As ministers fly in for week two of Cop27, what does winning look like for the Egyptian presidency? Do they just want to sell some hiked-up hotel rooms and snorkels and get a few snaps of Abdel Fattah el-Sisi and Joe Biden trading jokes? Or do they want something meaningful on climate?
A loss and damage finance facility would be a huge Egyptian gift to the developing world. But, as John Kerry said on Saturday, “that’s just not happening” because the US and others still fear being sued for their historic pollution.
Instead, the rich world is offering a hodge-podge of initiatives like insurance and early warning systems. Some vulnerable countries are working with them on this.
But the sums of money involved pale in comparison to the toll of disasters like Pakistan’s floods. And all these worthy initiatives don’t need a Cop to go ahead.
To the extent that Egypt has outlined a goal, it is to promote “implementation”.
So it’s the coalitions and the side deals in the trade fair bit of Cop that matter to the presidency.
In the negotiating rooms, there’s no consensus on how to strengthen national emissions cuts and trade carbon. A draft political statement for the summit – the “cover text” – has yet to appear.
If there’s any vision behind this Cop, the Sharm Pact is the place to show it. Otherwise, it will be remembered for jailed activists, gas deals and rivers of sewage.
Biden meets Xi as Dems keep US Senate
The other place to look for political direction is the Indonesian island of Bali.
If presidents Joe Biden and Xi Jinping manage to find some good vibes ahead of a G20 summit, it could unlock a US-China climate statement.
It helps Biden’s authority somewhat that Democrats are set to keep control of the Senate, regardless of the Georgia runoff result. The House of Representatives is still too close to call, with 20 seats left to declare.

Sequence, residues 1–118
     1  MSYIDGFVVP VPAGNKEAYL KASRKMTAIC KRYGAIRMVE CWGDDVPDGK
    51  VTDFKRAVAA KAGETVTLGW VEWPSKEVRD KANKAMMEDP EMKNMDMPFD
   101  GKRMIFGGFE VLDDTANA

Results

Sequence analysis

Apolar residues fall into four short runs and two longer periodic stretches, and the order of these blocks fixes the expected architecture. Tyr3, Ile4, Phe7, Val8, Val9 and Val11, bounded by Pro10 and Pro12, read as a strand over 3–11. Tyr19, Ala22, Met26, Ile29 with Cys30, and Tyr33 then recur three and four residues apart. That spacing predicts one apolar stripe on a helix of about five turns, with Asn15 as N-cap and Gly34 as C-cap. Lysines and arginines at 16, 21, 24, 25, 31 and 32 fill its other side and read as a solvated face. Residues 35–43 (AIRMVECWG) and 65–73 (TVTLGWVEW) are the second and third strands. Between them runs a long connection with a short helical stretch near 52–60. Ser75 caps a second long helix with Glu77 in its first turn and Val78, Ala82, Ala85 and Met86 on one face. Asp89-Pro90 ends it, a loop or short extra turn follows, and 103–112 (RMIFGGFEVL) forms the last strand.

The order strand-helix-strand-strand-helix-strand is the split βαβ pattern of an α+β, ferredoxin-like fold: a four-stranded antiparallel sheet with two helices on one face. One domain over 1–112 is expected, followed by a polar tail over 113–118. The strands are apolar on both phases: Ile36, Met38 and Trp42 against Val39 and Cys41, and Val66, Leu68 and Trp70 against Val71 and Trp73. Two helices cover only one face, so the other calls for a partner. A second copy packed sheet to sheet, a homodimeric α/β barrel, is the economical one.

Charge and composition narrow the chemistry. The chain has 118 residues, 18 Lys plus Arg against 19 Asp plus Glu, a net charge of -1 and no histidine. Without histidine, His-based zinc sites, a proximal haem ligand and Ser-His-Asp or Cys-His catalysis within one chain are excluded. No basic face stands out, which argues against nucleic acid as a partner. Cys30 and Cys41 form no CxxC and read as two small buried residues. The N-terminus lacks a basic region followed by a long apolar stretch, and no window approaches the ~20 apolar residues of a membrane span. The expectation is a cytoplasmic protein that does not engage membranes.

A thawing of relations could mean resumed technical cooperation on things like curbing methane emissions. Based on climate envoys’ statements last week, don’t expect it to magic up finance for loss and damage.
UN enforces sexual harassment rules
The UN has suspended two people registered in Colombia’s delegation at Cop27 over sexual harassment complaints, the country’s government said in a statement on Sunday.
The Colombian minister of the interior, Alfonso Prada, emphasised the accused were not government officials. One of the named people had never traveled to Sharm el-Sheikh, he said, suggesting their credentials had been used illegally.
The Colombian delegation at Cop27 told Climate Home News that there is an open investigation and declined to comment further.
The country’s delegation at the climate talks is composed of 201 people, among them government officials, private sector and civil society representatives.
“Our government strongly rejects any conduct that disrespects or harms women and violates their rights and freedoms anywhere in the world,” the minister said.
Dirty deal takes hit – The German government agreed to leave the Energy Charter Treaty, which has been the most important tool for fossil fuel companies to sue governments for loss of profits after climate policy changes. Germany is now the biggest economy to leave the deal. Spain, France and the Netherlands have all also left the treaty for its protection of fossil fuels.
Russian oligarchs at Cop – Aluminum magnate Oleg Deripaska and former fertilizer boss at EuroChem Andrey Melichenko are among dozens of Russian lobbyists under international sanctions registered at COP27, The Guardian reports. Oil and gas giants Gazprom and Lukeoil, also under international sanctions, sent entire delegations to the UN climate talks.
Drones overhead – A pair of powered paragliders flew over the Cop27 venue on Saturday morning with advertising banners for ADES, an oil and gas drilling services company. Perhaps they were trying to catch the eye of one of the 636 registered fossil fuel lobbyists.
Dash for gas – Turkish Petroleum and Algeria’s Sonatrach agreed to establish a joint oil and gas exploration company that will operate in the region and “especially in Algeria”, said Turkish energy minister Fatih Donmez. In recent months, Algeria sealed deals with Italy and Spain to increase gas supplies to Europe.
Stranding risk – Building gas infrastructure to meet short term needs is a bad bet, warns Carbon Tracker. By 2030 it projects it will be cheaper, across Africa, to generate electricity with new solar than run existing gas plants. That spells financial instability for gas producers like Nigeria, Algeria and Egypt.